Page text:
Joe Bliven

I Have The Right To
By Chessy Prout


July 16th, 2020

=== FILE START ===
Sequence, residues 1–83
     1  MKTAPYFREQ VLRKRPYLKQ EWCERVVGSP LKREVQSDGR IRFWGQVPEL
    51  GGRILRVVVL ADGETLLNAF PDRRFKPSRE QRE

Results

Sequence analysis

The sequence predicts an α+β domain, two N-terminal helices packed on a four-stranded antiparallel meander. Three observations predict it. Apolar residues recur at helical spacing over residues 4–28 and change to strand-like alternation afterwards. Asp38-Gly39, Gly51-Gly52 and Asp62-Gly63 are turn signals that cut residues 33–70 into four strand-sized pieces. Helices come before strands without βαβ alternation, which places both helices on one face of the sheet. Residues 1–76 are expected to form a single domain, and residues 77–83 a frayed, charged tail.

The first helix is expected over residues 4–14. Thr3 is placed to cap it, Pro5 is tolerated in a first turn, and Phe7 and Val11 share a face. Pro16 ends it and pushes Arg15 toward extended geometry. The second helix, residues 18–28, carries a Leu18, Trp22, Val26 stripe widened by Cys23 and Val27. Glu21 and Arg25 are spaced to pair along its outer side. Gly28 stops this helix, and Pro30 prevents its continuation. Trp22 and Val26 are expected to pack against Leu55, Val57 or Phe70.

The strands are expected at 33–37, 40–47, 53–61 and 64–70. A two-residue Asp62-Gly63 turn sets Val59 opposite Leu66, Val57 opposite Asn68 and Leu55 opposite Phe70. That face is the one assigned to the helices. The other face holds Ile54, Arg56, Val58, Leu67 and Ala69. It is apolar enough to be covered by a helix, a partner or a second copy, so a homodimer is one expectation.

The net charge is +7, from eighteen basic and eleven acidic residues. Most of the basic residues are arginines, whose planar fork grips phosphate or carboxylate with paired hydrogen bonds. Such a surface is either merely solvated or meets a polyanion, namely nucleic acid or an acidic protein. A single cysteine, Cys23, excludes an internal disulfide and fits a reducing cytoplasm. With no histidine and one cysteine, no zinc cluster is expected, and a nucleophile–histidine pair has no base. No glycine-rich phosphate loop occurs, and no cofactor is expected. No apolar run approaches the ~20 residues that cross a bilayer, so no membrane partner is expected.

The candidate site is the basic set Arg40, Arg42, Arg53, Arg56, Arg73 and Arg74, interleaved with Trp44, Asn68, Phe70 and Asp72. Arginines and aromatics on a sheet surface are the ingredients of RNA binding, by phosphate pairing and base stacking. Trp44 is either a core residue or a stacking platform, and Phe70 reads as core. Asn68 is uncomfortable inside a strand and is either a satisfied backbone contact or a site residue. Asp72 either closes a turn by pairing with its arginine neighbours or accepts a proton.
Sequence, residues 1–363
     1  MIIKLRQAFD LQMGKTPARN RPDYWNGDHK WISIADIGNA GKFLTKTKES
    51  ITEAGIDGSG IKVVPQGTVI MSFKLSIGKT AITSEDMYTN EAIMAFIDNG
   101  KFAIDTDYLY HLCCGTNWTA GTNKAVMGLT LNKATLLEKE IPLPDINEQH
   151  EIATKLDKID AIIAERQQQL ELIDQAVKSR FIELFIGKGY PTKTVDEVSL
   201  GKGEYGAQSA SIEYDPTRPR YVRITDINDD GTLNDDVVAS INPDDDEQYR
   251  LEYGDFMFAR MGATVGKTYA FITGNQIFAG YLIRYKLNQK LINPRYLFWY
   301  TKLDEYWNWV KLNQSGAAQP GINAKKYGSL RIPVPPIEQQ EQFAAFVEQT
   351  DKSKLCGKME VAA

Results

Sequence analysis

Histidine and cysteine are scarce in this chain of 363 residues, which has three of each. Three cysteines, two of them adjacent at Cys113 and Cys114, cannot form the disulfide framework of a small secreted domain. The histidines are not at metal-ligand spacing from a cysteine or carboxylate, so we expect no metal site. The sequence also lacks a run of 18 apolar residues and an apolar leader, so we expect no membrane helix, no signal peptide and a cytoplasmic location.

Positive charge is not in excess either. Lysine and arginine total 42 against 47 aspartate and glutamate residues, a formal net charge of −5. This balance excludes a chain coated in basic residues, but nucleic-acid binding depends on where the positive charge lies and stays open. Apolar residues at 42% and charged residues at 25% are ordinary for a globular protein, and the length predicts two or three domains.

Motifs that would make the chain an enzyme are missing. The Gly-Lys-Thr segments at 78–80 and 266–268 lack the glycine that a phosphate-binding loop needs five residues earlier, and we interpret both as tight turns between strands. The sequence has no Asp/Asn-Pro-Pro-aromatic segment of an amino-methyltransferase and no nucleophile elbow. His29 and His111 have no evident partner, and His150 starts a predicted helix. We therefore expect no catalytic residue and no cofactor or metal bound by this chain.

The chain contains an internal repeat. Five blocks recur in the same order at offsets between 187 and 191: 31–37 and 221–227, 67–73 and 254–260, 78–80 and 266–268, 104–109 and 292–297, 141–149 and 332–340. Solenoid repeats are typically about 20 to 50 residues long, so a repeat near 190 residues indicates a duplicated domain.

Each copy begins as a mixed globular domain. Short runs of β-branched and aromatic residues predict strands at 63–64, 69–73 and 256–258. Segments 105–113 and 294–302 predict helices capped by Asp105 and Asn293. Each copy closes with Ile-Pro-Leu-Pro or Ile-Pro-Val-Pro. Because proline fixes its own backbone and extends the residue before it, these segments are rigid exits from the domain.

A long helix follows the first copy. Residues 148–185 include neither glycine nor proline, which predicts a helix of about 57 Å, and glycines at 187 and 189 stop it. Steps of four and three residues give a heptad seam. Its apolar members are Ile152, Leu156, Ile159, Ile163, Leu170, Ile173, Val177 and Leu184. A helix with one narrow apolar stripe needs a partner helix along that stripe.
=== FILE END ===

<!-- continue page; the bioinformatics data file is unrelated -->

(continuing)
I have the right to is certainly more than what it presents itself as. This is the autobiography of a girl with a fascinating life. I think the most important part about this book is getting to know it's author. Towards the end of the book you begin to realize why this is so important. When she became the victim of a sexual assault so many people tried to rob her of her identity and for us to sympathize with her and understand her we can't separate her from her identity. She brings up how often the media portrays cases like hers as "star athlete accused of assault" it gives the abuser a face and robs the victim of theirs. This book can be tragic and very difficult to read at times because of the trauma the author experienced. You often want to jump in the pages of the book and scream at people to wake up and do the right thing. This book builds an amazing case for how normalized sexual assault is in our society and how our culture insulates and protects perpetrators while it attacks and defames victims. You see yourself in Chessy and you see your High School in hers. This book should hit close to home for anyone that went to high school or university in the U.S. even if your school wasn't quite as extreme as hers. This book gives the reader an excellent opportunity to ask yourself how you would react in these situations. Would you defend your friend if they were accused? Would you fight for your friend or acquaintance if they came forward and no one did anything about it? This book is an excellent examination of the every day injustices that are inherent in our culture and how our society continues to refuse to address them. If you are still confused about rape culture this book is a very enlightening work.